You Have The Right To A Criminal Defense Attorney—But You Must Make A Unambiguous Request
Were you arrested on a criminal charge in Central Florida? If so, you are under no obligation to speak to police or prosecutors. Indeed, it is not in your best interests to do so without a criminal defense lawyer by your side. Your civil rights matter. The Fifth Amendment protects your right to remain silent. The Sixth Amendment protects your right to an attorney.
However, invoking an attorney is not always as straightforward as many people think. The Supreme Court of the United States has ruled that you must make an “unambiguous or unequivocal request for counsel” for it to count. In this article, our Orlando criminal defense attorney explains what you need to do to invoke your right to legal counsel in Florida.
Case Analysis: Davis v. United States
In 1994, the Supreme Court of the United States issued a critically important decision clarifying what a defendant needs to do to invoke their right to an attorney. The case of Davis v. United States centered around a man who was arrested for murder after an incident on the Charleston Naval Base.
Upon finding a deceased victim, Naval Investigative Service (NIS) detained and questioned a man named Robert Davis. During that questioning, Mr. Davis made the following statement: “Maybe I should talk to a lawyer.” He was later convicted of murder based, in part, on some of the statements he made during the interrogation.
Mr. Davis appealed the conviction on the grounds that he was denied his right to legal counsel. Upon reviewing the case, the nation’s highest court determined that Mr. Davis did not make a valid request for an attorney. In its decision, the Supreme Court set the national civil rights standard that a defendant’s request for an attorney must be “unambiguous or unequivocal.”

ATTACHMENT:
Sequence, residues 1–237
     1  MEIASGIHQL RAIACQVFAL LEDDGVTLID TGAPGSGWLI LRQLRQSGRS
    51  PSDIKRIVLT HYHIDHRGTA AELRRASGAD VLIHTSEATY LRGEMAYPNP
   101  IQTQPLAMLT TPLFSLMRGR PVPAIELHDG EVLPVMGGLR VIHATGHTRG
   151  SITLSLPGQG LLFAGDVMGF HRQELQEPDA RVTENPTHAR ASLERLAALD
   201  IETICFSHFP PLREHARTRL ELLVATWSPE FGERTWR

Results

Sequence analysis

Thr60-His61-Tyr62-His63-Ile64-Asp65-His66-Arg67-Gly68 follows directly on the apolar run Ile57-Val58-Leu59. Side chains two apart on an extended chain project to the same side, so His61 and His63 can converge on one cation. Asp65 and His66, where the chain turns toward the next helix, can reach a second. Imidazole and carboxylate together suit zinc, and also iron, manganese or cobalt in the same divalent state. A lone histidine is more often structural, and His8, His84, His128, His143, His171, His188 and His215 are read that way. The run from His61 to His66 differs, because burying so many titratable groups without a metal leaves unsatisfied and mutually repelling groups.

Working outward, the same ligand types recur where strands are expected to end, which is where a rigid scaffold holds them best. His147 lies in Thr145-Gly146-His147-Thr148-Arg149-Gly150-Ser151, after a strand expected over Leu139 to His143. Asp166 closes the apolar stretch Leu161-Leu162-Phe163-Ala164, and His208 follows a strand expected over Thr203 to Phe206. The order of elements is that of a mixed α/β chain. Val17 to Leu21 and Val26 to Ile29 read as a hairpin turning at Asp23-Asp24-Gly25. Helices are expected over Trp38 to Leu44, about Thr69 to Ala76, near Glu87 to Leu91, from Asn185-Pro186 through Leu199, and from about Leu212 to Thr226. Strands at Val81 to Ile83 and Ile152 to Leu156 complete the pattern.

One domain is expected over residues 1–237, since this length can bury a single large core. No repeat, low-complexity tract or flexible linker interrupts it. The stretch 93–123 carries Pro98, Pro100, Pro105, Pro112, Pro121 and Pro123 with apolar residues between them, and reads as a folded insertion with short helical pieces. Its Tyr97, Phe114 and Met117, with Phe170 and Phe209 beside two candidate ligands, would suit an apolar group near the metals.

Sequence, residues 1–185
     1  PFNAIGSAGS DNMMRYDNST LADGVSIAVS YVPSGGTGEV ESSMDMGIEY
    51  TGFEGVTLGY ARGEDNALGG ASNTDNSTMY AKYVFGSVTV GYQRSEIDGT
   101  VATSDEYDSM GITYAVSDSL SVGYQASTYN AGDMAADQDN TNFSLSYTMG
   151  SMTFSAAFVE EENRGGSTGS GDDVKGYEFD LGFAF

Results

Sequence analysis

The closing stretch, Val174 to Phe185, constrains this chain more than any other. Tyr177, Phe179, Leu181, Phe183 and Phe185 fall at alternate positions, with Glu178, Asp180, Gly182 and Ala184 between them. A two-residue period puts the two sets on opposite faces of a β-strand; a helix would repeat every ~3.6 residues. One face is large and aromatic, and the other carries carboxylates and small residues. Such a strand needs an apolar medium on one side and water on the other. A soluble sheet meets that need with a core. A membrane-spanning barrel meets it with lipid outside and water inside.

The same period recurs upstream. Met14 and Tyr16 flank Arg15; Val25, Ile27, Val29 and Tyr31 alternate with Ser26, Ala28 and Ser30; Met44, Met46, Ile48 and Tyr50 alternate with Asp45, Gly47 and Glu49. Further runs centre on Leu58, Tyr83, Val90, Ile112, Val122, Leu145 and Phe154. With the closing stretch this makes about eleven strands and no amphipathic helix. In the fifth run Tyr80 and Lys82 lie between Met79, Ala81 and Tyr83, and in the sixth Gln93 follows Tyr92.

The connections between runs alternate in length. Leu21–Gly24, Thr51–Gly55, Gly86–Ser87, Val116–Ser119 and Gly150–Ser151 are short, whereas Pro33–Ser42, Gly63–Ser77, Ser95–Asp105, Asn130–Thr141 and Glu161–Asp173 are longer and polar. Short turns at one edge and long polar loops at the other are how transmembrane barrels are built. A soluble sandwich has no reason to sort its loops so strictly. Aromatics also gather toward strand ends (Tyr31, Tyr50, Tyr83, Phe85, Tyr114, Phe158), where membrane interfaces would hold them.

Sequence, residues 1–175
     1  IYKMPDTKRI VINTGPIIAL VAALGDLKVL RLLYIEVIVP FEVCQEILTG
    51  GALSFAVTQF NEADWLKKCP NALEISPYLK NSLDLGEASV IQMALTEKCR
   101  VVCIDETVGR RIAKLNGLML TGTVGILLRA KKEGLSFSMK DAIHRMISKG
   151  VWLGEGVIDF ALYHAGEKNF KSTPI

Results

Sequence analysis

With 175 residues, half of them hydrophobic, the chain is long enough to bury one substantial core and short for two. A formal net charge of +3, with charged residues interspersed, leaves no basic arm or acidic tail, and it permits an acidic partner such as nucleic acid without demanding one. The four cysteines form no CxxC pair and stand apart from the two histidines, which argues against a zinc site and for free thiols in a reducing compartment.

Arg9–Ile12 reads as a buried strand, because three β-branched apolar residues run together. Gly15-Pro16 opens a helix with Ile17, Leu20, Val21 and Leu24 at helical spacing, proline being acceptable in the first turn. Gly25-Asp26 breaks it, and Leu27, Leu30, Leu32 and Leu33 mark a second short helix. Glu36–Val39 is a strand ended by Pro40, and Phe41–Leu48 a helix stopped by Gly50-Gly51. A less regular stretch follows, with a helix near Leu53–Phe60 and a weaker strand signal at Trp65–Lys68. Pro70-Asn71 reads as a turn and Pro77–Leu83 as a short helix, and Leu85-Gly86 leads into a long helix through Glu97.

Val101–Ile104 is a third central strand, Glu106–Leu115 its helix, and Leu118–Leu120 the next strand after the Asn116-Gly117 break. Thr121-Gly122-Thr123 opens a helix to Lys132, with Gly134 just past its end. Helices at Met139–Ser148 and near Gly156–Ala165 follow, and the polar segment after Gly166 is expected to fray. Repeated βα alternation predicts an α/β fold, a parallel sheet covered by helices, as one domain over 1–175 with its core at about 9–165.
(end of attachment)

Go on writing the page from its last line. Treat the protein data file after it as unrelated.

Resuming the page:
Why You Should Always Invoke Your Right to a Defense Attorney
Some people have the natural (and understandable) inclination to talk to the police—especially if they know that they did not actually commit the crime. However, answering a law enforcement officer’s question without a lawyer present is a major mistake.
If you are being investigated for a crime or you have already been arrested for a crime, the simple reality is that the police are not on your side. They are looking for evidence that they can use to establish your guilt.
Unfortunately, it is easy for your answer to get misinterpreted or for your words to get taken out of context. An experienced Orlando, FL criminal defense lawyer will protect your rights. Clearly, unambiguously, and unequivocally invoke your rights to an attorney.
Call Our Orlando Criminal Defense Attorney Today
At The Baez Law Firm, we are strong, aggressive advocates for justice. Our founding attorney Jose Baez has earned a national reputation for success. If you or your family member was arrested on a serious criminal charge, you have the right to a lawyer. Contact us now to set up a strictly private initial consultation with a top-rated Florida criminal defense attorney.